Meanwhile, despite Republican perceptions, the Biden administration is currently trying to make it more difficult for asylum seekers. It has, for instance, continued to liberally apply Title 42, with between 60,000 and 100,000 expelled under it every month in 2021 and 2022. And last month, the Department of Homeland Security proposed a new rule that would make “certain noncitizens” ineligible for asylum if they transited third countries before reaching the United States. This could be a game-changer, effectively stopping anyone except neighbouring Mexicans or Canadians from asking for asylum. But it could also get thrown out in court, with advocacy groups arguing it directly contravenes the 1951 law. The Trump administration attempted a similar measure in 2019 and a judge struck it down. “Biden is becoming Expeller-in-Chief,” says Rubén García, who manages a migrant hostel in El Paso.”He is out Trumping Trump.”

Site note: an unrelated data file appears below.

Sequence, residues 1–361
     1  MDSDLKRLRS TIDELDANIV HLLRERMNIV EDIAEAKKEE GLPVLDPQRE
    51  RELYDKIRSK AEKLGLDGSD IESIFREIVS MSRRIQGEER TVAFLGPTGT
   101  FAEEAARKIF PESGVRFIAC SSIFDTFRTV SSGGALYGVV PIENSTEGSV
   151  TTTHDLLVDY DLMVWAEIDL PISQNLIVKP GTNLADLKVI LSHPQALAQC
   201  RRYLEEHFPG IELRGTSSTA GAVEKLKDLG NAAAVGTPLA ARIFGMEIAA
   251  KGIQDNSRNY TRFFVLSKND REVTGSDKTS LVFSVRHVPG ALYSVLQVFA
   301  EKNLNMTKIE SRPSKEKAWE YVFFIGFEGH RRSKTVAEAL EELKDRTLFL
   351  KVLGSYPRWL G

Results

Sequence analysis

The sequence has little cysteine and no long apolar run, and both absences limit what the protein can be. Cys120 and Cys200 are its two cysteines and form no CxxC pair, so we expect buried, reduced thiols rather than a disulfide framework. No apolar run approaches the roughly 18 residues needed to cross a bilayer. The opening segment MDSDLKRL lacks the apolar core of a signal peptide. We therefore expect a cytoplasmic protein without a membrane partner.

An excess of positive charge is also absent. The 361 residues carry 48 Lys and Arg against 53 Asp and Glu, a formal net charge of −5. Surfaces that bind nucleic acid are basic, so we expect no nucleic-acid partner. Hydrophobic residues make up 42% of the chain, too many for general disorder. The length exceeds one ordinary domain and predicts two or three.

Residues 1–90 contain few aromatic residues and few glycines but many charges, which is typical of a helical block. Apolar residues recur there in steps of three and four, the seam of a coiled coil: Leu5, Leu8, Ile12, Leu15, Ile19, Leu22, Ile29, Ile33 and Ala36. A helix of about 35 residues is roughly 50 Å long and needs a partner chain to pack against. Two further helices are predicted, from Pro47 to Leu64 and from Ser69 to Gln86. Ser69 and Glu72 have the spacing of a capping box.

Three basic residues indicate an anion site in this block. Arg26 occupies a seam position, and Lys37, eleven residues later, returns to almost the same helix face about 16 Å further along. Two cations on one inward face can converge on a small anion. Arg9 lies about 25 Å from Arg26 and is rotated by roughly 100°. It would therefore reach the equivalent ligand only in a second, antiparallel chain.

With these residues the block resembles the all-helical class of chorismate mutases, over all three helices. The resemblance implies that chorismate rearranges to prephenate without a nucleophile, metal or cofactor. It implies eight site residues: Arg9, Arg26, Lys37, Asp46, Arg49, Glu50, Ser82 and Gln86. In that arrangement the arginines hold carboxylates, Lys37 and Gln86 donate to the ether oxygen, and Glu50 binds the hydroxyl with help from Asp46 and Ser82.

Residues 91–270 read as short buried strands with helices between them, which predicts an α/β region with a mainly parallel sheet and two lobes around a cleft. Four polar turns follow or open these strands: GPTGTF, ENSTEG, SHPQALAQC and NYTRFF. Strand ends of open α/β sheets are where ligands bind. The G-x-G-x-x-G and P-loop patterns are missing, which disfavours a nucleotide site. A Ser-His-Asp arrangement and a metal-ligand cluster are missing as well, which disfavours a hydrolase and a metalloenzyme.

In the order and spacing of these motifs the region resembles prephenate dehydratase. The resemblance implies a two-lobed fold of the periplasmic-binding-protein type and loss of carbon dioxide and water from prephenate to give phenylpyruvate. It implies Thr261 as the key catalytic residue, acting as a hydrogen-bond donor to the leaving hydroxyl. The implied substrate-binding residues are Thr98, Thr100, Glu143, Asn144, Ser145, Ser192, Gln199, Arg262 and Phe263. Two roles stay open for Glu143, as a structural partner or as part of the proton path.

Perhaps the only way to fix this intractable crisis would be for politicians to have an honest debate. Do Americans want to honour the spirit of the Refugee Convention they approved in 1951 and make it function properly? Or do they want to change the law itself ? A choice needs to be made. The alternative — squeezing an already broken system — clearly isn’t working.

It is hard to make sense of such debates on the ground, though, far removed from the corridors of power. Outside a migrant hostel in the city of Tijuana, I meet Jose Luis Aguilar, a 27-year-old from El Salvador who fled his home with his wife and two children after he was shot by gang members. He was unsure how to apply for asylum and the hostel managers had stopped giving out information. “I am just trying to get by day by day,” he told me. “I thank God I survived and I pray we will find a way.”